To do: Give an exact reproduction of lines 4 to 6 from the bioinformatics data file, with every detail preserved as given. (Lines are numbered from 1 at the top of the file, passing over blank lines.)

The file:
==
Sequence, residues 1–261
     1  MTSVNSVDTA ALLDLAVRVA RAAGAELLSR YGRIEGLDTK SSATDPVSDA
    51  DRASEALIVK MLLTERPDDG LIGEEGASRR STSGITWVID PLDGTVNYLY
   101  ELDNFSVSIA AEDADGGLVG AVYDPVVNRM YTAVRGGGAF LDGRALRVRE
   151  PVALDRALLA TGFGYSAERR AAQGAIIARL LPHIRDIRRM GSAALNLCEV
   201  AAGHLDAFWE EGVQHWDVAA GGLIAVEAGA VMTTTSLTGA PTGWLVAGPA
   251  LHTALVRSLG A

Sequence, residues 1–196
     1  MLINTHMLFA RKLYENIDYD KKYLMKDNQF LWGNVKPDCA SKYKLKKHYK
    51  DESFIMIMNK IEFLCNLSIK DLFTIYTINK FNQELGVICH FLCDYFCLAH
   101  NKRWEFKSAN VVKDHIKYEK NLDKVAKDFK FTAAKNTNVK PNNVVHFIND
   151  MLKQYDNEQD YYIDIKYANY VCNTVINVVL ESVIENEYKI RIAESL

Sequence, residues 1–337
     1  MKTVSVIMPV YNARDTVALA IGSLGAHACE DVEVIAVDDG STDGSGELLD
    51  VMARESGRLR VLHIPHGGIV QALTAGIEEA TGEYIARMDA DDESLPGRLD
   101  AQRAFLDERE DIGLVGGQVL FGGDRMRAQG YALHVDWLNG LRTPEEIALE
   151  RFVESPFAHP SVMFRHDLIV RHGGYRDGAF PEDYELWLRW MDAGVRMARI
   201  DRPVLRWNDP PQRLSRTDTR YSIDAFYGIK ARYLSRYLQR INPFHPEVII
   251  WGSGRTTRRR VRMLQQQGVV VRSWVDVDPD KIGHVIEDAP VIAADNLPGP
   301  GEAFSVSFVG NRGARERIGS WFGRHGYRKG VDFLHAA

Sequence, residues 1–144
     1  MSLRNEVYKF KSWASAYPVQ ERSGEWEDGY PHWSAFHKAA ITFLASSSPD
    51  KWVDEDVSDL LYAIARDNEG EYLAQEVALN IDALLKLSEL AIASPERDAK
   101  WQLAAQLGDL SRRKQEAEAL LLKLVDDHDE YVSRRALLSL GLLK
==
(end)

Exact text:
   101  ELDNFSVSIA AEDADGGLVG AVYDPVVNRM YTAVRGGGAF LDGRALRVRE
   151  PVALDRALLA TGFGYSAERR AAQGAIIARL LPHIRDIRRM GSAALNLCEV
   201  AAGHLDAFWE EGVQHWDVAA GGLIAVEAGA VMTTTSLTGA PTGWLVAGPA